Get the latest market trends in your inbox

Stay on top of the latest market trends and economic insights with the Axios Markets newsletter. Sign up for free.

Please enter a valid email.

Please enter a valid email.

Subscription failed
Thank you for subscribing!

Catch up on coronavirus stories and special reports, curated by Mike Allen everyday

Catch up on coronavirus stories and special reports, curated by Mike Allen everyday

Please enter a valid email.

Please enter a valid email.

Subscription failed
Thank you for subscribing!

Denver news in your inbox

Catch up on the most important stories affecting your hometown with Axios Denver

Please enter a valid email.

Please enter a valid email.

Subscription failed
Thank you for subscribing!

Des Moines news in your inbox

Catch up on the most important stories affecting your hometown with Axios Des Moines

Please enter a valid email.

Please enter a valid email.

Subscription failed
Thank you for subscribing!

Minneapolis-St. Paul news in your inbox

Catch up on the most important stories affecting your hometown with Axios Minneapolis-St. Paul

Please enter a valid email.

Please enter a valid email.

Subscription failed
Thank you for subscribing!

Tampa-St. Petersburg news in your inbox

Catch up on the most important stories affecting your hometown with Axios Tampa-St. Petersburg

Please enter a valid email.

Please enter a valid email.

Subscription failed
Thank you for subscribing!

Please enter a valid email.

Please enter a valid email.

Subscription failed
Thank you for subscribing!

Abe bows to the flag before resigning. Photo: Franck Robichon - Pool/Getty Images

Japan’s ruling Liberal Democratic Party will gather in mid-September to elect a successor to Shinzo Abe as its leader and the country’s prime minister.

Driving the news: Abe announced his resignation on Friday due to chronic ulcerative colitis, just days after becoming Japan’s longest-serving prime minister.

  • Favorites to succeed him include Cabinet Secretary Yoshihide Suga, an Abe ally, and Shigeru Ishiba, an Abe critic and former defense secretary.

Flashback: Before Abe returned to power in 2012, Japan had shuffled through five prime ministers in as many years.

Data: Gleditsc and Chiozza, 2016, "Archigos — A Data Set on Leaders 1875–2015", Axios research; Chart: Chris Canipe/Axios

The big picture: In his resignation statement, Abe acknowledged his failure to achieve signature promises, including a peace treaty with Russia to secure the return of disputed islands and reform of Japan’s pacifist constitution.

But Abe will perhaps be best remembered for restoring Japan’s status as a major player on the world stage and for strengthening the role of prime minister.

  • He also strengthened Japan’s alliance with the U.S., Michael Auslin writes for Foreign Policy.
  • “It’s been nearly a decade since Washington had to worry about whether a Japanese leader was fully committed to the alliance, could keep a stable parliamentary majority, and had clear plans for making Japan play a role in the world commensurate with its position as the third-largest economy.”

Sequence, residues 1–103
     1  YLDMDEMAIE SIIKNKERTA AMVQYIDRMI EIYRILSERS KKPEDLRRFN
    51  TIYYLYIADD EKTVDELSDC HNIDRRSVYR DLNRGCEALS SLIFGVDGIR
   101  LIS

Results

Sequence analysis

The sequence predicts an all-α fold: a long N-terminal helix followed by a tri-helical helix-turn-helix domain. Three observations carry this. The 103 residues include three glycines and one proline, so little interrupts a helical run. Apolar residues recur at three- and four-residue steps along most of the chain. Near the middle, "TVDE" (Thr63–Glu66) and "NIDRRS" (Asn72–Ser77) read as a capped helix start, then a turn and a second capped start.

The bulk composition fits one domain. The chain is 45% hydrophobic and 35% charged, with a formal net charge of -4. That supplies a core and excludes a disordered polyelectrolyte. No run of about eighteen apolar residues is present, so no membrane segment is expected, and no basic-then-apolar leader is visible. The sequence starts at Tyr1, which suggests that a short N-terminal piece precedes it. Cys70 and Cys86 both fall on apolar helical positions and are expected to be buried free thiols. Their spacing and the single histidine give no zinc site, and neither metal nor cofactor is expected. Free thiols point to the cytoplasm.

• That era may be ending.

Editor's note: The above graphic was created in 2019, which is why the tenures of some current leaders (e.g., Boris Johnson) appear so short. See the interactive version.

Go deeper

Nov 23, 2020 - World

NZ's Jacinda Ardern becomes the latest world leader to congratulate Biden

Combination images of New Zealand Prime Minister Jacinda Ardern and President-elect Joe Biden. Photo: NZ Prime Minister's Office/Instagram/Joe Raedle/Getty Images

New Zealand Prime Minister Jacinda Ardern has become the latest world leader to congratulate President-elect Joe Biden in a phone call, but Russian President Vladimir Putin is still refusing to acknowledge the U.S. election win.

Driving the news: Biden's transition team said in a statement late Sunday he "expressed his intent to strengthen the U.S.-New Zealand partnership" and looked forward to working closely on challenges including containing COVID-19, tackling climate change and "reinforcing multilateralism."

USAID chief tests positive for coronavirus

An Air Force cargo jet delivers USAID supplies to Russia earlier this year. Photo: Mikhail Metzel/TASS via Getty Images

The acting administrator of the United States Agency for International Development informed senior staff Wednesday he has tested positive for coronavirus, two sources familiar with the call tell Axios.

Why it matters: John Barsa, who staffers say rarely wears a mask in their office, is the latest in a series of senior administration officials to contract the virus. His positive diagnosis comes amid broader turmoil at the agency following the election.

Bryan Walsh, author of Future
3 hours ago - Health

COVID-19 shows a bright future for vaccines

Illustration: Annelise Capossela/Axios

Promising results from COVID-19 vaccine trials offer hope not just that the pandemic could be ended sooner than expected, but that medicine itself may have a powerful new weapon.

Why it matters: Vaccines are, in the words of one expert, "the single most life-saving innovation ever," but progress had slowed in recent years. New gene-based technology that sped the arrival of the COVID vaccine will boost the overall field, and could even extend to mass killers like cancer.